In a recent lecture, India’s Vice-President, Dr. Hamid Ansari, found it necessary to remind us that India’s Constitution promises all Indians “liberty of thought, expression, belief, faith and worship.”
The right to dissent is an integral part of this Constitutional guarantee. He found it necessary to do so because India’s culture of diversity and debate is now under vicious assault.
Rationalists who question superstition, anyone who questions any aspect of the ugly and dangerous distortion of Hinduism known as Hindutva – whether in the intellectual or artistic sphere, or whether in terms of food habits and lifestyle – are being marginalised, persecuted, or murdered.
A distinguished Kannada writer and Sahitya Akademi Award winner, M.M. Kalburgi, and two Maharashtrians, Narendra Dhabolkar and Govind Pansare, both anti-superstition activists, have all been killed by gun-toting motor-cyclists. Other dissenters have been warned they are next in line. Most recently, a village blacksmith, Mohammed Akhlaq, was dragged out of his home in Bisara village outside Delhi, and brutally lynched, on the supposed suspicion that beef was cooked in his home.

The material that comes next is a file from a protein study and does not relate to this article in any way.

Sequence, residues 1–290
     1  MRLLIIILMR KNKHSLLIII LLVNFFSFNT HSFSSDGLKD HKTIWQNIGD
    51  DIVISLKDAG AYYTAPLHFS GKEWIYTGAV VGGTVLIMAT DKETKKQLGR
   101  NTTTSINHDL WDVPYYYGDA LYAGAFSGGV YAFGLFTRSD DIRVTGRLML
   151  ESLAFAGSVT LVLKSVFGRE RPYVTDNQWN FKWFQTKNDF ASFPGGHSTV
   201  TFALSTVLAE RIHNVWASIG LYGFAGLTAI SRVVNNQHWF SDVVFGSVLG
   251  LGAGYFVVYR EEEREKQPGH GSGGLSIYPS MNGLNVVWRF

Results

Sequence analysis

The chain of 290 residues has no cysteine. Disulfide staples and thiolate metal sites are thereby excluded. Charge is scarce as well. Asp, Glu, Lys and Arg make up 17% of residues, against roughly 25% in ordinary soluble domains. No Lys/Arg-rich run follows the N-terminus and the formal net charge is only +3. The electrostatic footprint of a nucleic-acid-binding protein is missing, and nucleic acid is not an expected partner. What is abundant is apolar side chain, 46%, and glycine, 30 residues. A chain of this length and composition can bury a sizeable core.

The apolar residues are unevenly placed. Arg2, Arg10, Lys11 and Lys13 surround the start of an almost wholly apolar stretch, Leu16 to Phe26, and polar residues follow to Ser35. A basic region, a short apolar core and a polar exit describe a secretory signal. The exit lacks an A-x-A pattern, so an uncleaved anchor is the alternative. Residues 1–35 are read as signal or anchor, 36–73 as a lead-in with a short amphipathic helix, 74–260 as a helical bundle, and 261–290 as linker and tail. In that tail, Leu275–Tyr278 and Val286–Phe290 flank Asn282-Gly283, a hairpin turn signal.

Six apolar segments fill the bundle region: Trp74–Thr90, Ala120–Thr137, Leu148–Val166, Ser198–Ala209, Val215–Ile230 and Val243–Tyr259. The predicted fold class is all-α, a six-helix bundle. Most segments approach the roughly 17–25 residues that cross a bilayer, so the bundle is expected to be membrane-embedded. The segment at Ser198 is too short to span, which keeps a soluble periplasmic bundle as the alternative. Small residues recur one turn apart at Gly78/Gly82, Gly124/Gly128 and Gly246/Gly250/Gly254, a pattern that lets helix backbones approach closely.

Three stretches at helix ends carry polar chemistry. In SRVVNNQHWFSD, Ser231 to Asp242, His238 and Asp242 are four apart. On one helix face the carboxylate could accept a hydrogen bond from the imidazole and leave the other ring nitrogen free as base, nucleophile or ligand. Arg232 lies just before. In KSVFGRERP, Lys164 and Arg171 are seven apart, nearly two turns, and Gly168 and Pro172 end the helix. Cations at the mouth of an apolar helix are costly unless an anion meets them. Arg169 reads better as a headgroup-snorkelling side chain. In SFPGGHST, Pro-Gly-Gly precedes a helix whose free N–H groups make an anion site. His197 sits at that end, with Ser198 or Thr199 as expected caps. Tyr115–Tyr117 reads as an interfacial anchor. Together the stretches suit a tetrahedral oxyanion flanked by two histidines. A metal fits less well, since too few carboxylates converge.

In all these cases, justice drags its feet. The Prime Minister remains silent about this reign of terror. We must assume he dare not alienate evil-doers who support his ideology.
It is a matter of sorrow that the Sahitya Akademi remains silent. The Akademis were set up as guardians of the creative imagination, and promoters of its finest products in art and literature, music and theatre.
In protest against Kalburgi’s murder, a Hindi writer, Uday Prakash, has returned his Sahitya Akademi Award. Six Kannada writers have returned their Awards to the Kannada Sahitya Parishat.
In memory of the Indians who have been murdered, in support of all Indians who uphold the right to dissent, and of all dissenters who now live in fear and uncertainty, I am returning my Sahitya Akademi Award.
Dehra Dun, October 6, 2015